At 6’8, 260, Parker has the size and strength needed to score and bang with the athletes in the NBA. He was a great rebounder in college and will continue to be at the next level because of his power and his girth. HIs offensive game is extremely well polished and versatile and can score in a plethora of different ways. Despite criticism about his lack of athleticism, he is actually quicker and more agile than people give him credit for – take a look at the video above for proof. The bottom line is that the Cavaliers need some sort of production right now to keep Kyrie around, to attract future free agents, and to finally reach legitimacy and Parker is the man for that job.

2. Bucks: Andrew Wiggins

Barring no trade from the 76ers to move to 1st place, the Bucks will likely take Andrew Wiggins with this pick. With insane athleticism, and upside both offensively and defensively Wiggins is hard to pass on. While his offensive skill set is quite raw, his physical tools make give him unlimited potential to become both a defensive and offensive star. He doesn’t have that X-factor yet in terms of taking over a game, but with the responsibility of the Bucks on his shoulders, that should change very quickly. The Bucks are looking for someone to carry their franchise and Wiggins might just be the one. A lineup of Knight, Wiggins, Antetokounmpo, Henson and Sanders would be a nice young core moving forward.

3. 76ers : Noah Vonleh

They’re unlikely to take Embiid considering they already did the whole, “take an injured center and wait a year for him to play thing.” They have their center of the future and for the 76ers they’d be looking for someone to partner with Noel in the frontcourt. Vonleh while similar to Noel has tons of defensive potential due to his length and athleticism, but Vonleh also has the ability to stretch the floor (he shot 48% from deep last year), that trait is something that can be developed and honed as he grows in the NBA and could prove to be the perfect compliment to Noel. This also makes Thaddeus Young even more expendable.

4. Magic: Dante Exum

The Magic need a point guard. They’re entering a new era of Orlando basketball and while it was a great run, Jameer Nelson’s time as starting point guard is over. At 32 years old, he can still be a veteran leader from the bench but in his place Dante Exum, the mysterious, Australian prospect would make a promising young, athletic backcourt with Oladipo. Exum has good size for a point guard and while it’s not definitive whether he’ll play the 1 or the 2 in the NBA, Oladipo is facing the same problem which in my eyes makes it less important to fit a role specifically. If both players are combo guards, with the ability to make plays and play off the ball, then having a concrete point guard becomes less important.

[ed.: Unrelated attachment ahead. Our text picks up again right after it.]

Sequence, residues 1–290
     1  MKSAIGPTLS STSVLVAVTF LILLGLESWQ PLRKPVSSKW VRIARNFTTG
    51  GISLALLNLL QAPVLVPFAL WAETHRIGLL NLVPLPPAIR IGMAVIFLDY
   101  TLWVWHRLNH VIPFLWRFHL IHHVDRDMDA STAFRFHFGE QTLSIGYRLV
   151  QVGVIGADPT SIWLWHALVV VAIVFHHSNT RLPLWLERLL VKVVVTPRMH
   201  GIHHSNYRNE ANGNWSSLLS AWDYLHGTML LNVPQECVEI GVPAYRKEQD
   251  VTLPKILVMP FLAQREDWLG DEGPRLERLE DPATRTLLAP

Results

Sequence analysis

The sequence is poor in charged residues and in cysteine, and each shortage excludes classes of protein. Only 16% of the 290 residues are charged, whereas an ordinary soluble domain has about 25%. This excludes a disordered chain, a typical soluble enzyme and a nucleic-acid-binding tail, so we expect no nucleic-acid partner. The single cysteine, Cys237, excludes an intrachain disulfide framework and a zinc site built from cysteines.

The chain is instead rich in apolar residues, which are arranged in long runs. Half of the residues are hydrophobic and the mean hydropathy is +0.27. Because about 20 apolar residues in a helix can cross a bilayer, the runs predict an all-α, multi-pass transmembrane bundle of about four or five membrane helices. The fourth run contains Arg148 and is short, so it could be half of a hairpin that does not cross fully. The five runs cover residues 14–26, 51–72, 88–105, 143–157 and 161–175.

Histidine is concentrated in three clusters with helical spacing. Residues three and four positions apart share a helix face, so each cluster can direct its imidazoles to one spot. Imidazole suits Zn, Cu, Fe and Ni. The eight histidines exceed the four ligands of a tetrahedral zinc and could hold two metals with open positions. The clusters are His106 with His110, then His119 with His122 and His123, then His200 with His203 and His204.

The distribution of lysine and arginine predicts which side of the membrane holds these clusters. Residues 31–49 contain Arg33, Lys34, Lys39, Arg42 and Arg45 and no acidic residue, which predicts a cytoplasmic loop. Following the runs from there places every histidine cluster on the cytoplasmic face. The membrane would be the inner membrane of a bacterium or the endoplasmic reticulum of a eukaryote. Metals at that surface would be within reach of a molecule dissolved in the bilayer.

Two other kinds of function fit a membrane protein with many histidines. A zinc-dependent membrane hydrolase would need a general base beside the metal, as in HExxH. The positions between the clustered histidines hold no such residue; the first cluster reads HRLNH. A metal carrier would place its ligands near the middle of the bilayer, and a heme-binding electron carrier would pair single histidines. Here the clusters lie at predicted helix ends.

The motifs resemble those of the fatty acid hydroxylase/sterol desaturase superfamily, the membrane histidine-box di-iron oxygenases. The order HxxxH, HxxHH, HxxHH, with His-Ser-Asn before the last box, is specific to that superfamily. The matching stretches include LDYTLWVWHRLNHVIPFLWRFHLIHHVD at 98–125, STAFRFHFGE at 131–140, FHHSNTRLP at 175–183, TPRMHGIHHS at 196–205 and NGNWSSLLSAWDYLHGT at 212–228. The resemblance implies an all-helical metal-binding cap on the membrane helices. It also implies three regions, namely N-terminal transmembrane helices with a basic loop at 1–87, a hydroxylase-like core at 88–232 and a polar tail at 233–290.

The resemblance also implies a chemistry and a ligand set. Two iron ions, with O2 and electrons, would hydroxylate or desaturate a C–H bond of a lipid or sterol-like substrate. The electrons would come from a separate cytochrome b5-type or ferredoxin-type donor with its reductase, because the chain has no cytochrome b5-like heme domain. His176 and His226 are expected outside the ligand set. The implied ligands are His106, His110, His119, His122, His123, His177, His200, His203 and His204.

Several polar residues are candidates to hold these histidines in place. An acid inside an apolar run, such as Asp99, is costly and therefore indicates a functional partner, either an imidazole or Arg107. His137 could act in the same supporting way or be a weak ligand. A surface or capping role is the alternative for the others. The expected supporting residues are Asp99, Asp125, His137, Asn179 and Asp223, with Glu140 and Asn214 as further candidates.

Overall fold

5. Utah: Aaron Gordon

While they just signed Favors to a long term extension, the best talent on the board are all power forwards and out of the duo of Randle and Gordon, Gordon has what the Jazz don’t: Athleticism in the front-court. Favors and Kanter are big bodies but lack foot-speed, quickness and a high vertical. Gordon, while undersized, makes up for it with extreme leaping abilities and quickness around the court. He could become a rim protector for the Jazz who as of now lack one. He can run the floor and with his aforementioned athleticism, should be able to make an impact on the boards as well. As for his offensive game, it needs some work, but his work ethic tells me he’ll be able to develop a jump shot and some post-moves quickly during his career.

6. Boston: Joel Embiid

With no real rim protectors and a whole villageful of undersized big men, taking Joel Embiid, given he falls this far is the right choice to make for Danny Ainge and a Celtics team looking completely to the future. Ainge has also not been shy in the past about taking risks when it comes to prospects with health issues:

“We try to think long term that if a guy has to miss a couple months, it shouldn’t deter us from taking him if he is going to be the best player long-term. We’ve had some success with that with [Avery] Bradley and [Jared] Sullinger. Even Leon Powe slid all the way [to the second round, because of knee concerns]. And, unfortunately, Leon’s knees gave out eventually, but we got good years out of him. There can be some value there, but there’s always risk.”